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Despite a high prevalence of problematic substance use among people living with HIV in South Africa, there remains limited access to substance use services within the HIV care system. To address this gap, our team previously developed and adapted a six-session, peer-delivered problem-solving and behavioral activation-based intervention (Khanya) to improve HIV medication adherence and reduce substance use in Cape Town. This study evaluated patient and provider perspectives on the intervention to inform implementation and future adaptation.
Following intervention completion, we conducted semi-structured individual interviews with patients (n = 23) and providers (n = 9) to understand perspectives on the feasibility, acceptability, and appropriateness of Khanya and its implementation by a peer. Patients also quantitatively ranked the usefulness of individual intervention components (problem solving for medication adherence ‘Life-Steps’, behavioral activation, mindfulness training, and relapse prevention) at post-treatment and six months follow-up, which we triangulated with qualitative feedback to examine convergence and divergence across methods.
Patients and providers reported high overall acceptability, feasibility, and appropriateness of Khanya, although there were several feasibility challenges. Mindfulness and Life-Steps were identified as particularly acceptable, feasible, and appropriate components by patients across methods, whereas relapse prevention strategies were less salient. Behavioral activation results were less consistent across methods.
Findings underscore the importance of examining patients’ perspectives on specific intervention components within intervention packages. While mindfulness training and peer delivery models were positively perceived by consumers, they are rarely used within task-shared behavioral interventions in low- and middle-income countries.
The coronavirus disease 2019 (COVID-19) pandemic and ensuing restrictions have negatively affected the mental health and well-being of the general population, and there is increasing evidence suggesting that lockdowns have led to a disruption of health services. In March 2020, South Africa introduced a lockdown in response to the COVID-19 pandemic, entailing the suspension of all non-essential activities and a complete ban of tobacco and alcohol sales. We studied the effect of the lockdown on mental health care utilisation rates in private-sector care in South Africa.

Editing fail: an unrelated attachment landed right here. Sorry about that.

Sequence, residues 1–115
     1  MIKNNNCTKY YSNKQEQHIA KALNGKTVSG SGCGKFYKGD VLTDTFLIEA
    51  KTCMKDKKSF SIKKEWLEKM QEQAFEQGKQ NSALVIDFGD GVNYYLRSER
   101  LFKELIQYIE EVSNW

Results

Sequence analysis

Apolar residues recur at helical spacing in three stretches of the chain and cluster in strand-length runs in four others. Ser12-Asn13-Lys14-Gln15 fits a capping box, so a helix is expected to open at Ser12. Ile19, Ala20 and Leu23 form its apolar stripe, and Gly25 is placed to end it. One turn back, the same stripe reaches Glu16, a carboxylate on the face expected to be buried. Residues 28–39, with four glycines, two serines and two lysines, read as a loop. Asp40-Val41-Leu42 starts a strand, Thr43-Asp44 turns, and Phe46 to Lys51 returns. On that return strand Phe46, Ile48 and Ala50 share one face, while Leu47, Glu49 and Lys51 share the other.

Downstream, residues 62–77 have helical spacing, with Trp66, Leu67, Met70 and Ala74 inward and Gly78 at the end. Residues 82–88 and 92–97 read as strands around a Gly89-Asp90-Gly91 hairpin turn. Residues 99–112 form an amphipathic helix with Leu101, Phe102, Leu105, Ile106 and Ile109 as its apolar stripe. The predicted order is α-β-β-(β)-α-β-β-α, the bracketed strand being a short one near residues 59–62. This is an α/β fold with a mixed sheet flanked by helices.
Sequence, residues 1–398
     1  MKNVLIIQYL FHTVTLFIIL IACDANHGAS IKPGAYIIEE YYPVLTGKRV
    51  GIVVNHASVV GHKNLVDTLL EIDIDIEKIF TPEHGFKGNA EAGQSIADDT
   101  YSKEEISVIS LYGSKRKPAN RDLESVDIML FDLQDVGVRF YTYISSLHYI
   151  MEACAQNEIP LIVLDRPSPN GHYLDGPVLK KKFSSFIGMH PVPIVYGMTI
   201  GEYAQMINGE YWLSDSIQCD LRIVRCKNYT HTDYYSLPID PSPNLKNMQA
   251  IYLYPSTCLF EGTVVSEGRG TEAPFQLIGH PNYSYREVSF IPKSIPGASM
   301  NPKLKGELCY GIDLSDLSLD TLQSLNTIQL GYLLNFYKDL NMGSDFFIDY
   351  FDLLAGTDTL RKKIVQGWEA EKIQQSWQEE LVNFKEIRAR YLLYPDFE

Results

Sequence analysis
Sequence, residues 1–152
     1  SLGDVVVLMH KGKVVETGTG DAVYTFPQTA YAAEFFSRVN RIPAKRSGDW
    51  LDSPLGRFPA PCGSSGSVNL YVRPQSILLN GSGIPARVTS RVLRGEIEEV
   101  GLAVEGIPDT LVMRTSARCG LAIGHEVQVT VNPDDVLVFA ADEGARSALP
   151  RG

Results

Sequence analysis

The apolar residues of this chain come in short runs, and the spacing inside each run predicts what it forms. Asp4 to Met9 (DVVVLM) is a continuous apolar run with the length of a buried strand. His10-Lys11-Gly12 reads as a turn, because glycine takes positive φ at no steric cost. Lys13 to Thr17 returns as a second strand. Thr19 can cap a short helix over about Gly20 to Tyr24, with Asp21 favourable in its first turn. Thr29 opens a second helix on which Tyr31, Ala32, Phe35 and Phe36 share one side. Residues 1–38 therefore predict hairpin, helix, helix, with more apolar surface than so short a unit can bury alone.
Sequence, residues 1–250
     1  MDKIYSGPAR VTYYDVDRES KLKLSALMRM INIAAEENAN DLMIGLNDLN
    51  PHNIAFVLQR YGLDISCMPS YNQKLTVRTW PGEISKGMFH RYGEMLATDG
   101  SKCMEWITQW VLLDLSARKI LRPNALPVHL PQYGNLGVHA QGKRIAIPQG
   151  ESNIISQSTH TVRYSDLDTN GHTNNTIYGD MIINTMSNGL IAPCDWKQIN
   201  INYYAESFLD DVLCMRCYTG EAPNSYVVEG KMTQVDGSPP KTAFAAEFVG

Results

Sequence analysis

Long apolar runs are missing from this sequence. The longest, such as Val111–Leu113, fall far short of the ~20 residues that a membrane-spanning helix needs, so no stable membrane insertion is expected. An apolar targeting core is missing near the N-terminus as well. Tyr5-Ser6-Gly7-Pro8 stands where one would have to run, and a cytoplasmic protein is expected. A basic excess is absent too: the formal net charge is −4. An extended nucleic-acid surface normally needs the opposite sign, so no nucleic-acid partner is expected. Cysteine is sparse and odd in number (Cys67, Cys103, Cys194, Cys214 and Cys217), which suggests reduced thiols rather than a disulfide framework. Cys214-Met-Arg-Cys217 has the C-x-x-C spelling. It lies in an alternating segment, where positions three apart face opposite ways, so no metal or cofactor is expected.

We conducted an interrupted time-series analysis using insurance claims from 1 January 2017 to 1 June 2020 of beneficiaries 18 years or older from a large private sector medical insurance scheme. We calculated weekly outpatient consultation and hospital admission rates for organic mental disorders, substance use disorders, serious mental disorders, depression, anxiety, other mental disorders, any mental disorder and alcohol withdrawal syndrome. We calculated adjusted odds ratios (OR) for the effect of the lockdown on weekly outpatient consultation and hospital admission rates and the weekly change in rates during the lockdown until 1 June 2020.
710 367 persons were followed up for a median of 153 weeks. Hospital admission rates (OR 0.38; 95% confidence interval (CI) 0.33–0.44) and outpatient consultation rates (OR 0.74; 95% CI 0.63–0.87) for any mental disorder decreased substantially after the introduction of the lockdown and did not recover to pre-lockdown levels by 1 June 2020. Health care utilisation rates for alcohol withdrawal syndrome doubled after the introduction of the lockdown, but the statistical uncertainty around the estimates was large (OR 2.24; 95% CI 0.69–7.24).
Mental health care utilisation rates for inpatient and outpatient services decreased substantially after the introduction of the lockdown. Hospital admissions and outpatient consultations for alcohol withdrawal syndrome increased after the introduction of the lockdown, but statistical uncertainty precludes strong conclusions about a potential unintended effect of the alcohol sales ban. Governments should integrate strategies for ensuring access and continuity of essential mental health services during lockdowns in pandemic preparedness planning.